In general, a normal human pregnancy lasts about 40 weeks, or just more than 9 months, from the start of the last menstrual period to childbirth. Labor that begins before 37 weeks is called preterm labor (or premature labor). A birth that occurs before 37 weeks is considered a preterm birth.
Preterm birth is the most common cause of infant death and is the leading cause of long-term disability related to the nervous system in children.
The NICHD is working both on its own and in collaboration with other agencies and organizations to learn more about the causes of preterm labor and birth, improve ways to predict which women are at risk for preterm delivery, and identify prevention methods to reduce the number of infants born early.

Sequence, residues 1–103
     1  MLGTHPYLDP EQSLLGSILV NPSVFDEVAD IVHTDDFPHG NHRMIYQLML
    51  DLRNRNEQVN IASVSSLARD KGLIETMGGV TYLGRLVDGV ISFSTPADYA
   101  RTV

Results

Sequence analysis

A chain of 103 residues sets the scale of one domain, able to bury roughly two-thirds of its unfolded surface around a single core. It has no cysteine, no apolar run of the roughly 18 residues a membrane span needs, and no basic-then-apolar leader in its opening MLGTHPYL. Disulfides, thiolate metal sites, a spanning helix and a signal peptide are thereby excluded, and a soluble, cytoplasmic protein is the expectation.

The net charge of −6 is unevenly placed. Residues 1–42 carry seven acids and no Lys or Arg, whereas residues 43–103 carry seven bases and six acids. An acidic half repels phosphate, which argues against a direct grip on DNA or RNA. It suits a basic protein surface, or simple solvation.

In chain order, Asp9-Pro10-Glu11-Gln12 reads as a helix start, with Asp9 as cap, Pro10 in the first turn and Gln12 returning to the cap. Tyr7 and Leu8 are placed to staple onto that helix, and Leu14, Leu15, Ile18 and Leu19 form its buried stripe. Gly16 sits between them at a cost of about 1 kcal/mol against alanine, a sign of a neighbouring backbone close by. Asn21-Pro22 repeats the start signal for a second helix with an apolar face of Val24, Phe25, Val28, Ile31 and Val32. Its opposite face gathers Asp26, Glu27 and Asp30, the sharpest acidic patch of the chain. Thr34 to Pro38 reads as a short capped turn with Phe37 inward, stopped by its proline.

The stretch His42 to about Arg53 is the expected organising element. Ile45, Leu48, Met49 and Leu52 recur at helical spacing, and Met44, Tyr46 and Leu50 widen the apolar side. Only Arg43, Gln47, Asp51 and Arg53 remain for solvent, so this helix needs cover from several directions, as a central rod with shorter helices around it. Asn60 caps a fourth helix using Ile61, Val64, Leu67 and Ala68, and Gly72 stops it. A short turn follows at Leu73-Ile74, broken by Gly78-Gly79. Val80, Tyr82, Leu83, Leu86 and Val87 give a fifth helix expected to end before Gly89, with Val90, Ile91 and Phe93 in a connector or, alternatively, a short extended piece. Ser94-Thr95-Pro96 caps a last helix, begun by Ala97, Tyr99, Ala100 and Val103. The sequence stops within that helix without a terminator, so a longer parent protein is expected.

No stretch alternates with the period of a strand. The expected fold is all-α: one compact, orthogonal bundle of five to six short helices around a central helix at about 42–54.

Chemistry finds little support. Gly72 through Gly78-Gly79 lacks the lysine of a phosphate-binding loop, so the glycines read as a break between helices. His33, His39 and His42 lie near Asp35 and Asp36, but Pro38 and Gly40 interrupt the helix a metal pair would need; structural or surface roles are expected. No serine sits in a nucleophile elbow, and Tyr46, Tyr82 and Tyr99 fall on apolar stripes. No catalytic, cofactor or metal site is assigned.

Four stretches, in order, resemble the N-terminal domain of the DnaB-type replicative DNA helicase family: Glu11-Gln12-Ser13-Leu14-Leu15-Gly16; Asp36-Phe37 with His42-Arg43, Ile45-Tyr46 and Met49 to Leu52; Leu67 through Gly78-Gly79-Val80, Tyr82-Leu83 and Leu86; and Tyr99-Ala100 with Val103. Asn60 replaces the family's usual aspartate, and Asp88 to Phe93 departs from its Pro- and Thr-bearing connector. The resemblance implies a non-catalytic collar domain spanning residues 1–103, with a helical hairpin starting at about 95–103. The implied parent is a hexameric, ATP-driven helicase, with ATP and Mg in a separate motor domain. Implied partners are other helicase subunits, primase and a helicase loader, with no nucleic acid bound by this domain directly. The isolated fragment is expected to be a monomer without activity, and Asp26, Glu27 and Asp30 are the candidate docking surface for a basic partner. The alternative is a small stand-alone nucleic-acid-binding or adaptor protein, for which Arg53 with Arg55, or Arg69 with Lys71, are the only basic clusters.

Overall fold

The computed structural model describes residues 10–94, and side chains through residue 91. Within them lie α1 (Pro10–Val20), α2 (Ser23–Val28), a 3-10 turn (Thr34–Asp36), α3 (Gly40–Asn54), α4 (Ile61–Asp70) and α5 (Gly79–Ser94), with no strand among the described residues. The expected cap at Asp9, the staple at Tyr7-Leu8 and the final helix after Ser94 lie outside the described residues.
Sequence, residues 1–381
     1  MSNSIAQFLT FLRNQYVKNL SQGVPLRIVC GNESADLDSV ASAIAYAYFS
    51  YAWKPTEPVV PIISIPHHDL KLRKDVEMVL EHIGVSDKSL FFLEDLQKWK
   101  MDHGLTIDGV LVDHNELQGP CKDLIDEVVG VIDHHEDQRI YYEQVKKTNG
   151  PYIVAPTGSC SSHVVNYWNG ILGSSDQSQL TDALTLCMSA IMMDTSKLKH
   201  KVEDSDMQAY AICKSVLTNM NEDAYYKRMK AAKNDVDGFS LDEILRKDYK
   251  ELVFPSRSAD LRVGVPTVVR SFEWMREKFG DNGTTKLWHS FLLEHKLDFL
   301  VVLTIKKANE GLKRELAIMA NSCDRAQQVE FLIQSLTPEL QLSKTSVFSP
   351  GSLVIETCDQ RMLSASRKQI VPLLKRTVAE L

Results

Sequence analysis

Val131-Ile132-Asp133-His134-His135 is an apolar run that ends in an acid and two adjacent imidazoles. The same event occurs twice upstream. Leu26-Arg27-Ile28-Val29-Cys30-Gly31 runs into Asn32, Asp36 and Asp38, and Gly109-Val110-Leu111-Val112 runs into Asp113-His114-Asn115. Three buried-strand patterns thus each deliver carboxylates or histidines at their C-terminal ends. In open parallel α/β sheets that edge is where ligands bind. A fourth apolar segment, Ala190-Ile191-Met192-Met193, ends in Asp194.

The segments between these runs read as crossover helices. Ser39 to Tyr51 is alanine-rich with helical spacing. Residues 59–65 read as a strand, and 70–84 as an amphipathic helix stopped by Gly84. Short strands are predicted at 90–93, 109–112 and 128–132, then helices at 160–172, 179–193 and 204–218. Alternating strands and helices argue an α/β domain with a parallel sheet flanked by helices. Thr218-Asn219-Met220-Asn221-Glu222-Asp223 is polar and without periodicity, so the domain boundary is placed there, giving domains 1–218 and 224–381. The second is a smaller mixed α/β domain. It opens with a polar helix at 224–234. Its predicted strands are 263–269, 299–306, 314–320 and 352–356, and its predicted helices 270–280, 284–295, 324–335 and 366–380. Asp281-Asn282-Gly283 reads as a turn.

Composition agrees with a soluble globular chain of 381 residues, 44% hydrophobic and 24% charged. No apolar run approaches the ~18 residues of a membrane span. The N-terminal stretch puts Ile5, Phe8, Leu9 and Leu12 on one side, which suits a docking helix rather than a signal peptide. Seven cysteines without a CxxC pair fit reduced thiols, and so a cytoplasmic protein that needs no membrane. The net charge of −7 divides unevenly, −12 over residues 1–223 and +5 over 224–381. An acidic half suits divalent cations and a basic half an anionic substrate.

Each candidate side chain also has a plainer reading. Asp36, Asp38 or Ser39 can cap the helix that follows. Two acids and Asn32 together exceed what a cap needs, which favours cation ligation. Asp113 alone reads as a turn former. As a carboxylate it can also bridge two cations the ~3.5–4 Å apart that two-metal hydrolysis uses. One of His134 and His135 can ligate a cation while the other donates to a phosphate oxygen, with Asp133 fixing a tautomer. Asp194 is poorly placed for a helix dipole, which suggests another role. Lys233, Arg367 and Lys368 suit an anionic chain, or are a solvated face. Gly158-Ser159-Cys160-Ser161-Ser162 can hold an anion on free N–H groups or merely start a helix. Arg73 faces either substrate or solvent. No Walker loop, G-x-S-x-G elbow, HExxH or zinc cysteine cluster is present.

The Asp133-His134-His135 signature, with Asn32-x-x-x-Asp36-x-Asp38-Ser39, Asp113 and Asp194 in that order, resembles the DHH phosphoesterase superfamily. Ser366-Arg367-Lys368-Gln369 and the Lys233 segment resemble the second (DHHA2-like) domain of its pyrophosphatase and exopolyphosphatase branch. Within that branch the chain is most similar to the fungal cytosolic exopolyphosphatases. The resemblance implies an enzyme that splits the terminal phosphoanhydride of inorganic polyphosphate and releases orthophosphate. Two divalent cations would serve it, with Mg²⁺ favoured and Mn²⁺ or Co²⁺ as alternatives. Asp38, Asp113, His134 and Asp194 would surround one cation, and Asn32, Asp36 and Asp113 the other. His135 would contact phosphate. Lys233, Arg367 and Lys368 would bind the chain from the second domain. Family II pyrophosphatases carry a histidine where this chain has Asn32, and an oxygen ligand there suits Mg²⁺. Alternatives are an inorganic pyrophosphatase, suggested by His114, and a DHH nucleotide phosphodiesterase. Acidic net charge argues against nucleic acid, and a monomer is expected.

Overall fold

The NICHD also is studying ways to improve care for infants born too early in order to reduce death and disability associated with preterm birth.
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